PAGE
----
Where the codes fall down
The various codes and guidelines ensure that heat exchangers are safe to operate. The mechanical integrity of the plates, tubes, shells and flanges is assured by compliance with the design criteria. This does not ensure that leaks will not occur (as they often do).
The first weak point is the flange design, particularly for girth flanges. Design engineers use the criteria to provide the least costly solution (it's a very competitive business), which mostly results in the smallest and thinnest flanges. One way to optimize this is to use high multiples of small diameter bolts.
This complies with code but creates a maintenance nightmare. The interaction between each bolt during the tightening assembly process causes very high variations in residual bolt tension. The bolt tightening industry generally states that torque tightening is +/- 25% accurate but, with high interactions, this figure is often +25%-100% (it's very common to find at least one bolt loose after the final tightening sequence).
The available bolt tightening methods
This effect can be minimised, or even eliminated, by use of multi-point bolt tightening systems, such as Hydraulic Bolt Tensioners, if they’re available and suitable (which they often aren't).
To explain the last comment, when codes and manufacturers are combined, they fail to provide a solution. The TEMA bolt spacing and weld neck taper mean that only a small tensioner will fit. As the piston size determines the applied tension, and this is governed by the available space, wherever a tensioner is used, the pre-load that it can apply is very low. The manufacturers also rarely sell small tensioners, as the industry perception is that "small bolts don't need to be hydraulically tensioned".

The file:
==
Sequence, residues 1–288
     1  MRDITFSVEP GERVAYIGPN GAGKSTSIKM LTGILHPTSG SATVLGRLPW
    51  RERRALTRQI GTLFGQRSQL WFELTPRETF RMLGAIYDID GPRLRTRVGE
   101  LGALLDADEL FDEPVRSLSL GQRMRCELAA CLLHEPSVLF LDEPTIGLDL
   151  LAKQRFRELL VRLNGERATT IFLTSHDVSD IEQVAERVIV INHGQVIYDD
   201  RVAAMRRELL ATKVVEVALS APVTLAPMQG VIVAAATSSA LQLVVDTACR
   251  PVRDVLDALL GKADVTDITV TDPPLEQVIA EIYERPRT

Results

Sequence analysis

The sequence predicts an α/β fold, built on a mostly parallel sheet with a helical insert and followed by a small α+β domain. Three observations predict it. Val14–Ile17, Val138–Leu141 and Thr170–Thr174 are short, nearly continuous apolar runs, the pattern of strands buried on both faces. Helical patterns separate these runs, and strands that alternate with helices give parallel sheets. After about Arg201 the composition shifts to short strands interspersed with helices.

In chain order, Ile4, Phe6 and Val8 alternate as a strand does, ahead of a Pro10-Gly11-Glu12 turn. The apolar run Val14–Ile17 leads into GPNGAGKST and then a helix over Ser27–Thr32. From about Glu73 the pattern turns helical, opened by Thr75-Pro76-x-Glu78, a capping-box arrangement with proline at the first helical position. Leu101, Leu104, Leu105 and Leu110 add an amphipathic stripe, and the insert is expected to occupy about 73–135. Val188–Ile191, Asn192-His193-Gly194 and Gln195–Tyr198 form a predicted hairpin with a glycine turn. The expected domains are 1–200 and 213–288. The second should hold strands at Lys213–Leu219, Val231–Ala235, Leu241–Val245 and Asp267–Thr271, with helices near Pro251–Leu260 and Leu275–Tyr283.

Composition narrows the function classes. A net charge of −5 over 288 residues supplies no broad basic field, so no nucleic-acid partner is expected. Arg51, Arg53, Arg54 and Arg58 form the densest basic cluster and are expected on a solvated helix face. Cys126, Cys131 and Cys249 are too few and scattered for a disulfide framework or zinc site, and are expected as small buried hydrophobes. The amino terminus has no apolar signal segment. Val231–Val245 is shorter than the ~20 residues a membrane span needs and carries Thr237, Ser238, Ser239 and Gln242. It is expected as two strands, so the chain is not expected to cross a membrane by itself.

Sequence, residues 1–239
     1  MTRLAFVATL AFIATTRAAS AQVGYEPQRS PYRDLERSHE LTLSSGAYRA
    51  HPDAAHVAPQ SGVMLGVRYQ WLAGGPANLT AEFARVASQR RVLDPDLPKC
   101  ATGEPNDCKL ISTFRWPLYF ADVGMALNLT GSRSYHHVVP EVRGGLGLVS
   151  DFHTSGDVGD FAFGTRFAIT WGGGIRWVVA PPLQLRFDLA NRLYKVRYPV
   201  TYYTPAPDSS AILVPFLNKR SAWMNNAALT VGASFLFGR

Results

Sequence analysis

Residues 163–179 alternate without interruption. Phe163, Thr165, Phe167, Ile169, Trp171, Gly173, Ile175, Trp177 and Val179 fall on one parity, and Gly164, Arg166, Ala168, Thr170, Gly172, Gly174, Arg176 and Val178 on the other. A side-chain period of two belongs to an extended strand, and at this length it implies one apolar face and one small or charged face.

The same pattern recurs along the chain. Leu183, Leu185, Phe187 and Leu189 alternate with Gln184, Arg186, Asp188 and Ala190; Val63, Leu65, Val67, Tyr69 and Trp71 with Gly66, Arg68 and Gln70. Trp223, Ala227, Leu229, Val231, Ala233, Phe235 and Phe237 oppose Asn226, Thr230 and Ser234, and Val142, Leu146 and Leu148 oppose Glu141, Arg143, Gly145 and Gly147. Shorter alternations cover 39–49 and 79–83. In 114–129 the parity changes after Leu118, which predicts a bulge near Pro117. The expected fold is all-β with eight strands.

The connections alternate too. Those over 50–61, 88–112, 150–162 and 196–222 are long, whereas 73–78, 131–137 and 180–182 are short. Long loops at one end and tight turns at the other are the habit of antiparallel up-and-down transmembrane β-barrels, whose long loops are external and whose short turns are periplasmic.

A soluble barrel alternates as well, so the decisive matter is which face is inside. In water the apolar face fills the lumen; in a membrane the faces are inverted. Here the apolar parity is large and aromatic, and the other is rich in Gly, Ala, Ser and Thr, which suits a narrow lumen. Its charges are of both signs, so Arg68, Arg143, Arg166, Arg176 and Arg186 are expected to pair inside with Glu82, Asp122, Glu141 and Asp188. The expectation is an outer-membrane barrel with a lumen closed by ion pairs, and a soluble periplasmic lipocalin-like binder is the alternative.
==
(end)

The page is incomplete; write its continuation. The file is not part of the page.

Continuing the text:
Another restriction to the use of bolt tensioners is, that due to the multitude of dimensions that TEMA allows it is unlikely that a range of sizes can be harmonised.
The second method is controlled bolt torquing. Each bolt is tightened in a start pattern at 30% of the assumed torque, then at 60%, then 100% and then, again, at 100%. It is a slow process and, as our results show, highly inaccurate.
Manufacturers offer multi (four) point options but this has no effect on the inaccuracy, nor is it any quicker. Most field technicians are convinced that single point is much faster, the pump unit runs extremely slowly when its trying to charge four outlets.
Reputation is extremely important to manufacturers: the quality is rarely in question and all fabricators strive to do a good job.
It is a requirement that stringent inspection points are completed by the manufacturers and, in many cases, an independent inspector will be required to witness and verify those inspections. The issue here is that the codes do not state at what stage in the manufacturing process these must be completed.
Common Heat Exchanger Bolt Pattern, several small bolts, high bolt load interaction losses, high inaccuracy, often difficult to fit hydraulic bolt tensioners of adequate capacity.
Results from ultrasonic bolt tension measurements. Original results adjusted to provide even force and leak free joint. The original tightening occurred in the standard “star pattern” four (4) pass (30%, 60%, 100% and 100% of calculated torque setting).